Peace at Shoren-in

Day 15 · Shoren-in, Kyoto Scroll down

The original plan for the afternoon after coming back from the ryokan was to take the train to Nara, but Tomoko-san and Satoko-san gave us so many good suggestions of temples to visit, that we threw the plan out the window, and decided to visit those instead.

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After leaving the ryokan and making a quick pit stop at the hotel to freshen up, we first started walking towards Chion-in. We’d seen its enormous gate a couple of days before and we were intrigued. The temple is in constant renovation so it had more modern aisles in between some very old ones, but the most interesting thing was a nightingale hallway we had to walk through on the way to the main building. You see, a nightingale floor is nothing more than regular wood planks sitting on top of nails that rub against other metal parts to create a creaking noise when someone walks over them. Think of it as a very rudimentary burglar alarm which actually sounds like birds chirping away.

Chion-in's Sanmon Gate

Chion-in’s Sanmon Gate

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You can have your own roof tile on a Japanese temple.

You can have your own roof tile on a Japanese temple.

This was the main section of the nightingale passage.

This was the main section of the nightingale passage.

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Right after Chion-in there was Shoren-in (also known as Awata Palace), which Satoko-san mentioned the day before, and where you can walk inside the actual temple. And again we were in awe. Detailed and intricate wood work and paintings with very simple and minimal, but so soothing surroundings. Sitting on the porch, looking at the peaceful garden, hearing the summer cicadas and soaking it all in gets your head and soul calm and recollected — it was most definitely the highlight of the day.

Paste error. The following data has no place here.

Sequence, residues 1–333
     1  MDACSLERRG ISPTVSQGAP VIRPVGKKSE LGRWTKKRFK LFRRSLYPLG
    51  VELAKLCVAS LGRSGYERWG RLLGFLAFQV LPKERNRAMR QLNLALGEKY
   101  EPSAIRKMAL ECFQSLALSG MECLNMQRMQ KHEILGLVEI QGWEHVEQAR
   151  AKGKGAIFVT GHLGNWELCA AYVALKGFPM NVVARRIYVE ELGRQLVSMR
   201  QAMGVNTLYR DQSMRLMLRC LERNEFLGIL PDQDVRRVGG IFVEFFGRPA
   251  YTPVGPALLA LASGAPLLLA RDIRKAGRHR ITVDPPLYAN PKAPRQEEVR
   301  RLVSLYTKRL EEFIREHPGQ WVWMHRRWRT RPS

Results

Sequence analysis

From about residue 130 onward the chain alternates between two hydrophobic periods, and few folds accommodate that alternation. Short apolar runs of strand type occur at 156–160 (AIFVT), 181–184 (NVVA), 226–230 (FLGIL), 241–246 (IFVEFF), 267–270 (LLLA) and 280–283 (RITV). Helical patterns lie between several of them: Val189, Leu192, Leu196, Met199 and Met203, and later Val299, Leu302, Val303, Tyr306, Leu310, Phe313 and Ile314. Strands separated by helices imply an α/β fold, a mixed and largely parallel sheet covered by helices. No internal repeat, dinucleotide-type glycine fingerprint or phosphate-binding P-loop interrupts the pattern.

We actually were drawn to Shoren-in because of this miniature zen garden.

We actually were drawn to Shoren-in because of this miniature zen garden.

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One of the very few altars we could photograph, complete with cherry soda and traditional sweets.

One of the very few altars we could photograph, complete with cherry soda and traditional sweets.

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We then walked with the intention of going to the next temple suggested at the ryokan — Konchi-in, with its large Zen garden —, but very suddenly it started raining bullets and in a matter of minutes, the streets became rivers and the thunders were going crazy in the sky, so after waiting for 40 minutes under a small shelter, we ran to the nearest subway station and head to the hotel, because there was no point in walking anywhere anymore.

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For dinner, we went back to Ippudo to try the Akamaru Shinaji ramen and some delicious gyoza. We’d eat ramen for the rest of our life if we had to.

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